Ph.D. Spotlight: The Disablement Process of Aging United States Veterans.

Being that military service was a normative part of early adult life for today’s older U.S. population, the number of veterans aged 60 and older in 2015 was estimated to be over 9.3 million. Older United States (U.S.) veterans are a population at risk for disability due to their early life experiences with military service…

Ph.D. Spotlight: Frank Annie on Structural Health Outcomes in the Appalachian Region

Dr. Annie’s dissertation investigates the overall impact of chemical exposure, health care disparities, and current health care issues facing the Appalachian Region of the United States while adding to the research of human disease ecology and essential health care delivery. His dissertation is structured as three-papers and offers a thorough exploration of theoretical frameworks connected…

Faculty Spotlight: Dr. Kerry Fang’s Research in China

I recently received the Lincoln Institute China Program International Fellowship to conduct the project “Land Tenure and the Health of Children: Evidence from Rural China.” The project will use the 2003 “Ban of Land Adjustment” in China as a natural experiment to investigate whether secured land tenure improves children’s health outcomes. Unpacking the relationship between land tenure…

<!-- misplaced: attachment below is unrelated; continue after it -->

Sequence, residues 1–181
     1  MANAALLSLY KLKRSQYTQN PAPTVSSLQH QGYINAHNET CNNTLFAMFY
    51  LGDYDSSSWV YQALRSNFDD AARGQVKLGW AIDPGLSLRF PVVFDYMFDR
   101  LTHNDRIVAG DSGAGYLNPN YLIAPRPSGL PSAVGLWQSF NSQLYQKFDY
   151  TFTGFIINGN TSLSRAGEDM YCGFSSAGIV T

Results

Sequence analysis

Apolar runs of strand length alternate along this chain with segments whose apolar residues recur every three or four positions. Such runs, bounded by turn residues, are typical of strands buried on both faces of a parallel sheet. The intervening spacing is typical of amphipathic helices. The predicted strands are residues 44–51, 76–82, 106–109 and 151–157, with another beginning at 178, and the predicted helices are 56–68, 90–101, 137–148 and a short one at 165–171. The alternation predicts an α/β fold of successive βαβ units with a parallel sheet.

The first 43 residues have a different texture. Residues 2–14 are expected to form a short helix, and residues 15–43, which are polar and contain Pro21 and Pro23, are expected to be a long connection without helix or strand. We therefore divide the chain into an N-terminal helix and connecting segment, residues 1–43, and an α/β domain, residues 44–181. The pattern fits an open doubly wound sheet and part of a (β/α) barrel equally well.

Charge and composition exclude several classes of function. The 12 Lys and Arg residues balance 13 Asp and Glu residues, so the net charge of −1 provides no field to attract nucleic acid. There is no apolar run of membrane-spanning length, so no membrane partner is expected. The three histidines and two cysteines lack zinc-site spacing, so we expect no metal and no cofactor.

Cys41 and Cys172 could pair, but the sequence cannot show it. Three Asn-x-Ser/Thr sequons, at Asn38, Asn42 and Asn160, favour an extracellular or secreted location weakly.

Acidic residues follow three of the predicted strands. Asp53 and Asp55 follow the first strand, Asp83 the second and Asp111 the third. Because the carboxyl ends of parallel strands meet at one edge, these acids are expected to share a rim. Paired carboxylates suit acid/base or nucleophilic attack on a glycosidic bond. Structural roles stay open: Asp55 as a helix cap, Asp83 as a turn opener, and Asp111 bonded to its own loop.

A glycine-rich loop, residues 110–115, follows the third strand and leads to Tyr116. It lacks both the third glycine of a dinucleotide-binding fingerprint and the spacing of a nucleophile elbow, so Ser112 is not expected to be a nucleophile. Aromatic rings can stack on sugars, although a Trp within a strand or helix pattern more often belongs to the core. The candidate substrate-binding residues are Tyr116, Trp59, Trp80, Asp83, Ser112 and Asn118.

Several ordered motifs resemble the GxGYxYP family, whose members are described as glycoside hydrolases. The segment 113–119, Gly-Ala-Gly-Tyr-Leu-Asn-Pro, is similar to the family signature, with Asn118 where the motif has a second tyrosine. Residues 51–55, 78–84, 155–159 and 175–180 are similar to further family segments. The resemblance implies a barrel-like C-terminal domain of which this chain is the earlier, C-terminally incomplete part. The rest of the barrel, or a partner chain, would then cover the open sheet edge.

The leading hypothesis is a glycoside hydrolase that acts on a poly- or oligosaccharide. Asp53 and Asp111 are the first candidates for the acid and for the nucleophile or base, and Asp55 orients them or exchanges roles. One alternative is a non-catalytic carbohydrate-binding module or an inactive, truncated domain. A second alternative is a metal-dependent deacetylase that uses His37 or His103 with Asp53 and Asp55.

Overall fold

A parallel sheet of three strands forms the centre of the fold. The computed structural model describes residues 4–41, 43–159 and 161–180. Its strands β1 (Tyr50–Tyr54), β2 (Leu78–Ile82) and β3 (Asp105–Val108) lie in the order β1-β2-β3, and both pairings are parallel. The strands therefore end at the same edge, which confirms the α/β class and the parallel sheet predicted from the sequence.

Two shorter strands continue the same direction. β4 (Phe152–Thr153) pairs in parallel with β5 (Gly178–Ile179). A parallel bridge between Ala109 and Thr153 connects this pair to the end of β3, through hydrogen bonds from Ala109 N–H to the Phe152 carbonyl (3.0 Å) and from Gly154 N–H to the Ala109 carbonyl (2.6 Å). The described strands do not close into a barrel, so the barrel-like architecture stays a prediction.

New Abortion Laws Contribute to Sexist Environments that Harm Everyone’s Health

This piece first appeared in The Conversation. Nine states have passed laws in 2019 alone that restrict abortion at the earliest stages of pregnancy. Those of us who study public health are becoming increasingly concerned about the potential for negative health consequences of these kinds of policies on women. That’s because research has shown that laws limiting reproductive rights and services…

Does Disability, Perceived Discrimination and Depression Vary by Race?

Although the African Americans experienced higher rates of physical disability compared to whites and Hispanics, the harmful psychological effects of having a physical disability did not alter the very strong statistical relationship between racial discrimination and depression.